RUSSELL Brand help Caroline Flack before her death by inviting her to a self-help seminar in Los Angeles.
He urged fans to be "kind" in a powerful statement yesterday about Caroline's death.
The emotional comedian, 44, reflected on the Love Island star's tragic suicide, saying he was "angry and sad" that she was "drained of hope".
It came after he'd told Caroline to fly out to Los Angeles where she reportedly had somatic therapy and treatment for PTSD.
She also went to a seminar based on Russell's book Recovery: Freedom From Our Addictions.
Insisting social media can be used for "love and support and kindness", Russell wrote on his website: "We are all capable of kindness, we are all capable of redemption, we are all worthy of love.
"We have the power to hurt one another and the power to heal one another, perhaps that’s the only power we have.
"We can never see the positive impact of our actions, the times when our kindness and compassion may have saved a life but we can see what happens in its absence.
"As long as our public values continue to be an expression of lower human instincts none of us are exempt from the pain and shame that closed in on the bright and playful light that used to shine from Caroline."
If you are affected by any of the issues raised in this article, please call the Samaritans on (free) 116123
He added: "Our best hope is to build relationships and communities based on kindness, forgiveness and compassion, not easy values to maintain given the complexity within us and without us but Caroline’s death shows us that the alternative is just too sad to bear."
Russell explained he had recently performed a monologue made up of people's last written words given to him by surviving family members.
"The line then that separates people who kill themselves and people that don’t is vague and uncertain," said Russell.
"It is a line within each of us, not between us. We just don’t know who will or who won’t be pushed to a point of such inward pain and desperation that the dreadful certainty of suicide and the despair it inflicts on those left behind are insufficient deterrents."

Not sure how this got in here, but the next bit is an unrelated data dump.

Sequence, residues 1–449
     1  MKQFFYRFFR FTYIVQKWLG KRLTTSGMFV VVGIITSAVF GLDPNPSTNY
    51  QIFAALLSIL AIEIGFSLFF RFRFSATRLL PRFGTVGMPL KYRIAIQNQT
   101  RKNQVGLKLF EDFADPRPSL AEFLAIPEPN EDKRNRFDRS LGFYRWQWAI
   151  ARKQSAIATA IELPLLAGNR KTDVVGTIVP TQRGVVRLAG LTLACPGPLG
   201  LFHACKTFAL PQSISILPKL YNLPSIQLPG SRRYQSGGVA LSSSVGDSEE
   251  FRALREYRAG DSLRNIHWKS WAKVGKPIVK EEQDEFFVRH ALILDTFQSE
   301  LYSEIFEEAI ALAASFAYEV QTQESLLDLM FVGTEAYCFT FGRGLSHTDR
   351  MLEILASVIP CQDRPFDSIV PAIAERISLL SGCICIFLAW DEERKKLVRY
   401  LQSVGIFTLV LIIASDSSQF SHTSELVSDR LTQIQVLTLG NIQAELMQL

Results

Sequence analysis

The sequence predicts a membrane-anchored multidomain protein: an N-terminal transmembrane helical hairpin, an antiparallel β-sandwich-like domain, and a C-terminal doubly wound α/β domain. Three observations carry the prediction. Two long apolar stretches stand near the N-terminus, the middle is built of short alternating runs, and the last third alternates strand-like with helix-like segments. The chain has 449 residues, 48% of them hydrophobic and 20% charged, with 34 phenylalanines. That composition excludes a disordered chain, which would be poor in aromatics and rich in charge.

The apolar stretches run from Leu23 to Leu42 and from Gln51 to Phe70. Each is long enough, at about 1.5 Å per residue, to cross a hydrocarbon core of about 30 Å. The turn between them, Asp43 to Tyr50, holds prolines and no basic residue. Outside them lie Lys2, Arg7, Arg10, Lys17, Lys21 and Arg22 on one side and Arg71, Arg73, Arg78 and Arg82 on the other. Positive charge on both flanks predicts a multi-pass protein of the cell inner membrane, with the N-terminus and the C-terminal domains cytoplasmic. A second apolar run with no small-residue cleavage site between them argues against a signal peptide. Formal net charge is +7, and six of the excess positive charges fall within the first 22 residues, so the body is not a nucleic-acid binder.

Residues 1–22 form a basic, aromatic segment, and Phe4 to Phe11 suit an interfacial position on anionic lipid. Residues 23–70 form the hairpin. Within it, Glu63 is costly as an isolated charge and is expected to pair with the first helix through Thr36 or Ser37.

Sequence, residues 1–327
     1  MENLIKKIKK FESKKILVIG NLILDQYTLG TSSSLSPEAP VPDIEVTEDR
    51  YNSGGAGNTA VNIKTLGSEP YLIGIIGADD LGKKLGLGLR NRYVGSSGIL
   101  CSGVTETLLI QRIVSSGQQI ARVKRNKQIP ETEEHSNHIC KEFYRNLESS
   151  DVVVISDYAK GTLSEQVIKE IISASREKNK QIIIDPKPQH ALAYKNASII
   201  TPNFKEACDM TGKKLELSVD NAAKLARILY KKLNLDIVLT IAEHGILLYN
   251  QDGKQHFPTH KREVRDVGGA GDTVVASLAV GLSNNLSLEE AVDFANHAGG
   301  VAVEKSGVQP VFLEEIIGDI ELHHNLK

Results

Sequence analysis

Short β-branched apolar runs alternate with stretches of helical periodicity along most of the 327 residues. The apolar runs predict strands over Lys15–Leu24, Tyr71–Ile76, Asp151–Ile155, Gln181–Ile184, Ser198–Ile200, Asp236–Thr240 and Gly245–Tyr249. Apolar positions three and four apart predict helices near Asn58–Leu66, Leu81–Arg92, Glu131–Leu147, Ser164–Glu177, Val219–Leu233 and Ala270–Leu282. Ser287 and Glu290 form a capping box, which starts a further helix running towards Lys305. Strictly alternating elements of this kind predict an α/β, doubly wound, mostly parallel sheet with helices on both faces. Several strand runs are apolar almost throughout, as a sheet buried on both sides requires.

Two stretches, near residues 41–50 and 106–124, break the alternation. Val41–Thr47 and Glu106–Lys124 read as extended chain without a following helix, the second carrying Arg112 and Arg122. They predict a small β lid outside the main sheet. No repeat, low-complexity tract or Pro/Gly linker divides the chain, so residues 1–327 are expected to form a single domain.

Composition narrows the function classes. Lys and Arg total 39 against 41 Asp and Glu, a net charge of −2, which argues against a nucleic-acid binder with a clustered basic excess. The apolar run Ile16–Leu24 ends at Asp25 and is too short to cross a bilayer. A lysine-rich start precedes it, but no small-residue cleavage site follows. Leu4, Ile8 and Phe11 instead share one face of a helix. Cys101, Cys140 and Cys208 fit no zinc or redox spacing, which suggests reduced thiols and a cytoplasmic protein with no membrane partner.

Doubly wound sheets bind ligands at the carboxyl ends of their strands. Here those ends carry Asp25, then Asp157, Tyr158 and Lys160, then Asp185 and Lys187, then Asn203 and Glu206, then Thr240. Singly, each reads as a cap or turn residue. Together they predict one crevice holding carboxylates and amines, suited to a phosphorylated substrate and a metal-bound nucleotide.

YOU'RE NOT ALONE
EVERY 90 minutes in the UK a life is lost to suicide.
It doesn't discriminate, touching the lives of people in every corner of society - from the homeless and unemployed to builders and doctors, reality stars and footballers.
It's the biggest killer of people under the age of 35, more deadly than cancer and car crashes.
And men are three times more likely to take their own life than women.
Yet it's rarely spoken of, a taboo that threatens to continue its deadly rampage unless we all stop and take notice, now.
That is why The Sun launched the You're Not Alone campaign.
The aim is that by sharing practical advice, raising awareness and breaking down the barriers people face when talking about their mental health, we can all do our bit to help save lives.
Let's all vow to ask for help when we need it, and listen out for others... You're Not Alone.
If you, or anyone you know, needs help dealing with mental health problems, the following organisations provide support:
He continued: "I am angry and sad that Caroline Flack found herself in that place.
"I am sad because she was a lovely little person, a real laugh, a dynamo and the idea that she had been so drained of hope by her circumstances chokes me."
Caroline, 40, was found dead at her home on Saturday after taking her own life.
She had been charged with assault following a clash with her 27-year-old boyfriend Lewis Burton and was due to face trial next month.
The presenter's team have branded the Crown Prosecution Service “cruel” for pursuing her through the courts, despite Caroline denying the charges.
The CPS is now under pressure to explain why it went ahead even though she was vulnerable.